4. Justice questions in Commons
Last Tuesday, lord chancellor Robert Buckland QC MP and his ministerial team faced questions in the House of Commons across a range of issues.
The lord chancellor was asked about the rule of law and recent language used by members of the government about legal practitioners. Justice Committee chair Sir Bob Neill MP (Conservative) argued that we all needed to moderate language when discussing those that practise the legal profession, to which the lord chancellor agreed.
Shadow lord chancellor David Lammy MP asked whether the lord chancellor agreed that legal professionals were “activist lawyers”. Responding, the lord chancellor said that he had defended lawyers and highlighted that attacks on lawyers were unacceptable.
Shadow courts minister Bambos Charalambous MP asked what steps the government is taking to ensure access to justice, and whether the government would put in place additional measures to support legal aid lawyers during the second lockdown. In reply, justice minister Alex Chalk MP said the government has taken additional measures to improve access to justice during the pandemic. He said legal aid lawyers do an important job and courts will still be open during the national lockdown.
Shadow justice minister Karl Turner MP asked what could be done to ensure equality before the law through access to legal aid during the winter in lockdown. Responding, justice minister Alex Chalk MP said access to justice was of fundamental importance and the government had provided law centres with funding during the pandemic.
Shadow justice minister Peter Kyle MP asked how many crimes would go unpunished before the government proposed a plan to decrease the court backlog. Responding, justice minister Alex Chalk MP said the backlog was being eroded.
Shadow justice minister Alex Cunningham MP asked what could be done to support courts with social distancing and meeting HSE tests on being COVID-secure. Responding, justice minister Chris Philp MP said that the government had done a huge amount of work over the past six months to make courts COVID-secure.
5. Law officers questioned by MPs
Last Thursday, attorney general Suella Braverman QC MP and solicitor general Michael Ellis QC MP faced questions in the House of Commons. Queries around the government’s criticism of the legal profession, the prosecution and conviction rates of rape and government compliance with international law were raised.
The attorney general stated that the government is proud of the UK legal profession but maintained that some lawyers “take advantage of their position and abuse the court process”. Responding to calls from shadow solicitor general Ellie Reeves MP to condemn the comments on “activists” and “do-gooders” made by the home secretary and prime minister, the attorney general said lawyers were not beyond criticism and to deny this would be “a great disservice” to the public.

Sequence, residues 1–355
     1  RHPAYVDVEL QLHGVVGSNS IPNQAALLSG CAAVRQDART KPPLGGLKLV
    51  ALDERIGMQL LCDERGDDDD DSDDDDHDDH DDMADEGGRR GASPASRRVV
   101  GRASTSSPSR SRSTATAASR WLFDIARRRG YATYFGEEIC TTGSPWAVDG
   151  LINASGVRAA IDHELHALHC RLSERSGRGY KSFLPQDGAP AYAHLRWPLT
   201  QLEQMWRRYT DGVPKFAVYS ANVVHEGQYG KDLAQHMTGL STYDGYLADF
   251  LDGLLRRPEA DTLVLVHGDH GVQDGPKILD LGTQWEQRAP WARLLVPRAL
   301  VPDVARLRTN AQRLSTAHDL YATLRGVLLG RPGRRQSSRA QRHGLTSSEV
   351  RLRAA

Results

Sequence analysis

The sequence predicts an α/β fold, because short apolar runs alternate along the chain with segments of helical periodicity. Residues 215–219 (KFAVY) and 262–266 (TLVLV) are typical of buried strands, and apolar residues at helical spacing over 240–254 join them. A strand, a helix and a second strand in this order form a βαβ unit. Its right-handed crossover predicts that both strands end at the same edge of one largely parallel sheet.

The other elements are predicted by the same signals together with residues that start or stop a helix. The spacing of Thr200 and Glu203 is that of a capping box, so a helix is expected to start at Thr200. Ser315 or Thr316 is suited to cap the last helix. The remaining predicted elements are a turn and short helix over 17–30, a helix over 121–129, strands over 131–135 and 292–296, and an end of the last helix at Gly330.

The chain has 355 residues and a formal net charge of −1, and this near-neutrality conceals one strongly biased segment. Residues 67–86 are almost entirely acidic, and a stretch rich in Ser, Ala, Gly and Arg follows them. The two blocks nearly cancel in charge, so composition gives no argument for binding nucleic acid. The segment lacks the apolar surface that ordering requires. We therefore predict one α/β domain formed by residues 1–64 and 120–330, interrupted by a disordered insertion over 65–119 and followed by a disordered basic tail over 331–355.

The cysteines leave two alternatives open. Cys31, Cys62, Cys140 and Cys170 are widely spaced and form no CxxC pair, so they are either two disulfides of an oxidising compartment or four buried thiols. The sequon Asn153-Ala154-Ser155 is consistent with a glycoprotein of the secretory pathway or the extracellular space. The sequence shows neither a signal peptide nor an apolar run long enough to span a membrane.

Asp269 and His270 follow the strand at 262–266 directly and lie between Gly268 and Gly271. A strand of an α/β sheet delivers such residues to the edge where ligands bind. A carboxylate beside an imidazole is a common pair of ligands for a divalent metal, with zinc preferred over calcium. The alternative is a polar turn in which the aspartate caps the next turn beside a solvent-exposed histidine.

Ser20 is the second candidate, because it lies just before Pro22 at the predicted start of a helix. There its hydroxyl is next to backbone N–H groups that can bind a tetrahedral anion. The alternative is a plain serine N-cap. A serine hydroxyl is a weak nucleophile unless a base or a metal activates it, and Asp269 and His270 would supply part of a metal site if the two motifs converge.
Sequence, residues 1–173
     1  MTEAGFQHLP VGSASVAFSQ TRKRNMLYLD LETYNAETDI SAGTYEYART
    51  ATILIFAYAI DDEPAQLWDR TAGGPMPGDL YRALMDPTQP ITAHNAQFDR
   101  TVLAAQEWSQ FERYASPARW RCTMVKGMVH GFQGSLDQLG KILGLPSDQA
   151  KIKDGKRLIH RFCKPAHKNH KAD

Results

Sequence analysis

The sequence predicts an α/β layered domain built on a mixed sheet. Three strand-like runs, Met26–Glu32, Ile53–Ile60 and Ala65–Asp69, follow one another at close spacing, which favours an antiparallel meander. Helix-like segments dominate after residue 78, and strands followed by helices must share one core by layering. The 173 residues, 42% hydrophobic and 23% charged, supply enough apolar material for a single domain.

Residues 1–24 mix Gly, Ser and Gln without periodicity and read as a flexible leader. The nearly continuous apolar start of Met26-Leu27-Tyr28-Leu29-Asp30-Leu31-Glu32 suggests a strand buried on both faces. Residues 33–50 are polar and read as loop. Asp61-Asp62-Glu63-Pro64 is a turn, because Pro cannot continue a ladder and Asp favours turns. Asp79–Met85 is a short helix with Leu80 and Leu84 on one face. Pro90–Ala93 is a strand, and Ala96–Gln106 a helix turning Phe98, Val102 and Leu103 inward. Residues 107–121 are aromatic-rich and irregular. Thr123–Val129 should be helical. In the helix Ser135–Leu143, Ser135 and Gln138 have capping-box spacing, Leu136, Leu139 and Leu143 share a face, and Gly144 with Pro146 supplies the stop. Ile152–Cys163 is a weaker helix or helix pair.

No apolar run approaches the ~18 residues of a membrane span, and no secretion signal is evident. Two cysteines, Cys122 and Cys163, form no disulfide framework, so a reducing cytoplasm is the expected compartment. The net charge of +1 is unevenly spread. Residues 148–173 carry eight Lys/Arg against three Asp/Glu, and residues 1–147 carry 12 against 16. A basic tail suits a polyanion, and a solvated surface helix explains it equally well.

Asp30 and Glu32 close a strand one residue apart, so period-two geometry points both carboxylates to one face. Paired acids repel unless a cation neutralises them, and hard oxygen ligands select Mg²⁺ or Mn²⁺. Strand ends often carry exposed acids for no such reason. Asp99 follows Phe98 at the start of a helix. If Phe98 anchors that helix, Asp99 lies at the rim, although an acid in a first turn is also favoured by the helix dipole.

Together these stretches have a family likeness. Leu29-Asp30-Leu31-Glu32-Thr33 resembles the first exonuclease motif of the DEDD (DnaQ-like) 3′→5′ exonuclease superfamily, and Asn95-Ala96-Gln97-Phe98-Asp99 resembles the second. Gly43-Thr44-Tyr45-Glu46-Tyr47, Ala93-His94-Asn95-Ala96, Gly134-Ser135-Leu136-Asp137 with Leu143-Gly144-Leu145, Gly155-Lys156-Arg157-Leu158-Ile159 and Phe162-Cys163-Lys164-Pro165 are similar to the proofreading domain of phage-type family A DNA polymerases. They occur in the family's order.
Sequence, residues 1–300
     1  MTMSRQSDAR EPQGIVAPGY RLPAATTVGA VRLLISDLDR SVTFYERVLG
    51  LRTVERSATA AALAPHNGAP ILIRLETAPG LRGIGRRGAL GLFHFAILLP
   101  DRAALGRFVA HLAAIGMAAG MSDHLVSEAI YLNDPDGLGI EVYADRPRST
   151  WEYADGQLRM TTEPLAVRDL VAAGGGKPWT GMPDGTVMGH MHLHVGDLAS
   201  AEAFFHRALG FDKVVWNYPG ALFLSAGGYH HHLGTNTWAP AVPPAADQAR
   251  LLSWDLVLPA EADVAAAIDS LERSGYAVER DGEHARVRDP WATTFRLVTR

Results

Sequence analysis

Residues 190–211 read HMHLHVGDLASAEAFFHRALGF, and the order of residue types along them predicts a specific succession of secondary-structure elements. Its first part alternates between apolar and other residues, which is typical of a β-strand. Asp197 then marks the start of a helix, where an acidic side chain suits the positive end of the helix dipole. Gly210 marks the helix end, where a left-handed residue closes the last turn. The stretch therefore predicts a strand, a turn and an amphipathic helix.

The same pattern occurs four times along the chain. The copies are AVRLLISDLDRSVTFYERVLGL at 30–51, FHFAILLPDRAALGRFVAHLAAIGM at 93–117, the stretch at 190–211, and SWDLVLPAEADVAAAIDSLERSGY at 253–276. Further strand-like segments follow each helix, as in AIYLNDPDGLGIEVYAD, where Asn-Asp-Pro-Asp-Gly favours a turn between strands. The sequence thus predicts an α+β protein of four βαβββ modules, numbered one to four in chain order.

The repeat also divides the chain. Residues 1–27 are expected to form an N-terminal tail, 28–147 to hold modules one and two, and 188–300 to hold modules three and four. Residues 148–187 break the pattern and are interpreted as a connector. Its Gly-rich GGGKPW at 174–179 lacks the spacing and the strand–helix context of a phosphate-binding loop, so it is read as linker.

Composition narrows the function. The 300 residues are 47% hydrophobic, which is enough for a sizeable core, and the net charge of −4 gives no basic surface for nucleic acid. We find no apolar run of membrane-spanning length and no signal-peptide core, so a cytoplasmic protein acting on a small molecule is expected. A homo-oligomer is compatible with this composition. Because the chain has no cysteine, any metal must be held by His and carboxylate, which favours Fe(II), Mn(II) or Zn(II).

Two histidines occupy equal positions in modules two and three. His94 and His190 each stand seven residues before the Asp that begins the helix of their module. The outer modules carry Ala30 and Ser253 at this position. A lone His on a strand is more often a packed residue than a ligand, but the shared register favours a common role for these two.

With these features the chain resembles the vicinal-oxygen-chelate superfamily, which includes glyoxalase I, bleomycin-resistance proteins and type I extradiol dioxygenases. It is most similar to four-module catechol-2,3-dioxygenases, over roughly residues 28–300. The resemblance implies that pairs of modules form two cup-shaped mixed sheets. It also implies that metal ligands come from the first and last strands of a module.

Following questions on the low levels of prosecution of rape, solicitor general said the charging and conviction rates “continue to increase” in the last four quarters. The Crown Prosecution Service is engaging in an end-to-end review, consulting with survivor groups and the Victims’ Commissioner to ensure victims have the confidence to report crimes.
Geraint Davies MP (Labour) called for the attorney general to resign for failing to ensure government legislation was compliant with international law. Davies used the Internal Market Bill, Covert Human Intelligence Sources (Criminal Conduct Bill) and the Overseas Operations (Service Personnel and Veterans) Bill as examples of non-compliance. The attorney general pushed back, stating that parliamentary sovereignty means legislation can be developed “in a manner inconsistent with international law”.
Coming up next week
On Tuesday, the Commons continues to debate the Environment Bill in the committee stage and the Justice Select Committee will hear evidence from the lord chief justice. A debate on support provided to SMEs during the COVID-19 pandemic will also take place in Westminster Hall.
On Wednesday, the Home Affairs Select Committee on Channel crossings, migration and asylum-seeking routes through the EU will be in session. Expect questions to the Home Office, BEIS and Cabinet Office on Monday, Tuesday and Thursday respectively.
The Lords will see examination of the UK Internal Market Bill continue in Committee on Monday. There will also be consideration of the Commons amendments to the Immigration and Social Security Coordination (EU Withdrawal) Bill and questions on the Royal Commission on criminal justice.